The World Health Organisation (WHO), World Organisation for Animal Health (OIE) and United Nations Environment Programme (UNEP) have issued interim guidance on reducing public health risks associated with the sale of live wild mammals in traditional food markets around the world.
In a communique released by the group, it called on countries to suspend the sale of captured live wild mammals in food markets as an emergency measure.
“Animals, particularly wild animals, are the source of more than 70% of all emerging infectious diseases in humans, many of which are caused by novel viruses. Wild mammals, in particular, pose a risk for the emergence of new diseases. They come into markets without any way to check if they carry dangerous viruses,” it read.
TheFact Nigeria gathered that, most emerging infectious diseases such as Lassa fever, Marburg haemorrhagic fever, Nipah viral infections and other viral diseases have wildlife origins. Within the coronavirus family, zoonotic viruses were linked to the severe acute respiratory syndrome (SARS) epidemic in 2003 and the Middle East respiratory syndrome (MERS), which was first detected in 2012.
The COVID-19 pandemic stemmed from the introduction of the novel coronavirus, SARS-CoV-2, into human populations. Although the specific mechanism of SARS-CoV-2 emergence has not been definitively identified, at some point or over time, interactions may have occurred that allowed for cross and multiple-species pathogen transmission.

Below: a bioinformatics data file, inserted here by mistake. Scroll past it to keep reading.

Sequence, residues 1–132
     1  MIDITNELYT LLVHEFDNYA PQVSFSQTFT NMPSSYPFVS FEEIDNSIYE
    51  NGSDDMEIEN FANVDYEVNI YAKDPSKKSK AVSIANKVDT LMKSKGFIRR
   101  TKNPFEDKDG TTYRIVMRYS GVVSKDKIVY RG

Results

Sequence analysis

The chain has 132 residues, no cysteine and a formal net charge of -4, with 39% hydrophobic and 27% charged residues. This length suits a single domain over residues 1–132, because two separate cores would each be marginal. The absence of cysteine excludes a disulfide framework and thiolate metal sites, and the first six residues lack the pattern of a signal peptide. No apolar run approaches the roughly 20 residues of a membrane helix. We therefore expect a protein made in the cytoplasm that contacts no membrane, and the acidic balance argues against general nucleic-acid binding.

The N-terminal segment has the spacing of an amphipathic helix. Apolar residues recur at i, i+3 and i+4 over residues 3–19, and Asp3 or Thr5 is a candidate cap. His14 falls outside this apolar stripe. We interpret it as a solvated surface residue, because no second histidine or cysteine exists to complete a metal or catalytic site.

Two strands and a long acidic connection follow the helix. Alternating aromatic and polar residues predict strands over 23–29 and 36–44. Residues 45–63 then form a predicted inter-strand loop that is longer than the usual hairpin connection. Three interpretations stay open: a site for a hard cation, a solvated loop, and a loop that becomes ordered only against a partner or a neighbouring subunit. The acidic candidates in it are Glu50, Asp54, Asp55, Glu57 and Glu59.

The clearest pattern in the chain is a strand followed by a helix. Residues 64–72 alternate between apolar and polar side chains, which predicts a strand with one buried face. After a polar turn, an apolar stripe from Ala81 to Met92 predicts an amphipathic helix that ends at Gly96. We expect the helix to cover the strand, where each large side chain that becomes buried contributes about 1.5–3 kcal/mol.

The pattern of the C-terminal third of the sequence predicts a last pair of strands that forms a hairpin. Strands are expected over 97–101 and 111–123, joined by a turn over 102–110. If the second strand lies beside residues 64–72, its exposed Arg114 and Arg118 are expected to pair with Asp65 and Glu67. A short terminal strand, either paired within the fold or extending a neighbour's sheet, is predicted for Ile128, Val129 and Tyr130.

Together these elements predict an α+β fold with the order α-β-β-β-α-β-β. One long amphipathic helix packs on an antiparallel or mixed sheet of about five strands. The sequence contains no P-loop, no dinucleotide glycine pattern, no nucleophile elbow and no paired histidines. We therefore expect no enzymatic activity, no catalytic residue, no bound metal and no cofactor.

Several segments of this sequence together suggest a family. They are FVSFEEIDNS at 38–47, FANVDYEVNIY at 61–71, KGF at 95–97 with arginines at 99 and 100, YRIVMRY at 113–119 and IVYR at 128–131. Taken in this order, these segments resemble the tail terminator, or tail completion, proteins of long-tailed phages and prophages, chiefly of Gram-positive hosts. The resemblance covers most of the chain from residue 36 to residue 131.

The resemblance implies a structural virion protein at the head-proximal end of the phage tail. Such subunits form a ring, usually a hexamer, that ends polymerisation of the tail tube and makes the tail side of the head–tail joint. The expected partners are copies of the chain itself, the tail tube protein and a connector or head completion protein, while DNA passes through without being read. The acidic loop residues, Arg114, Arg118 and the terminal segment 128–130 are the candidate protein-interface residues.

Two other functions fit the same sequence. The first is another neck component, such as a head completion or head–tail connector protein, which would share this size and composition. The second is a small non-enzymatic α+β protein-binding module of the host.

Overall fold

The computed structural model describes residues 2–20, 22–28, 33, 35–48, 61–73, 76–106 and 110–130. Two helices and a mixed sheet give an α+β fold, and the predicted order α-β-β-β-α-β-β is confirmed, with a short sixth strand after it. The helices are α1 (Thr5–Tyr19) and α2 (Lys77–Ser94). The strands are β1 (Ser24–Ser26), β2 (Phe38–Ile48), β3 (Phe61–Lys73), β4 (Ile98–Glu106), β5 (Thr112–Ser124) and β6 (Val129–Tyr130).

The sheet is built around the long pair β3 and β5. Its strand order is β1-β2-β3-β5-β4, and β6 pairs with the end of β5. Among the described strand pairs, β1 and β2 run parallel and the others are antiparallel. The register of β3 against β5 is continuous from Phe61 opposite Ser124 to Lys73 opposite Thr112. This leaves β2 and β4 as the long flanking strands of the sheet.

Giving reasons for the move, the group disclosed that; there is a risk of direct transmission to humans from coming into contact with the saliva, blood, urine, mucus, faeces, or other body fluids of an infected animal, and an additional risk of picking up the infection from contact with areas where animals are housed in markets or objects or surfaces that could have been contaminated with such viruses.
“Globally, traditional markets play a central role in providing food and livelihoods for large populations. Banning the sale of these animals can protect people’s health – both those working there and those shopping there,” they said.
Traditional food markets, rather than supermarkets, are the norm in many parts of the world. Such markets form part of the social fabric of communities and are a main source of affordable fresh foods for many low-income groups and an important source of livelihoods for millions of urban and rural dwellers worldwide.
Traditional food markets that are regulated by national or local competent authorities and that operate to high standards of hygiene and sanitation are safe for workers and customers. This, they said was okay, but warned that “significant problems can arise when these markets allow the sale and slaughter of live animals, especially wild animals, which cannot be properly assessed for potential risks in areas open to the public.
“When wild animals are kept in cages or pens, slaughtered and dressed in open market areas, these areas become contaminated with body fluids, faeces and other waste, increasing the risk of transmission of pathogens to workers and customers and potentially resulting in spill over of pathogens to other animals in the market.
“Such environments provide the opportunity for animal viruses, including corona viruses, to amplify themselves and transmit to new hosts, including humans,” it said.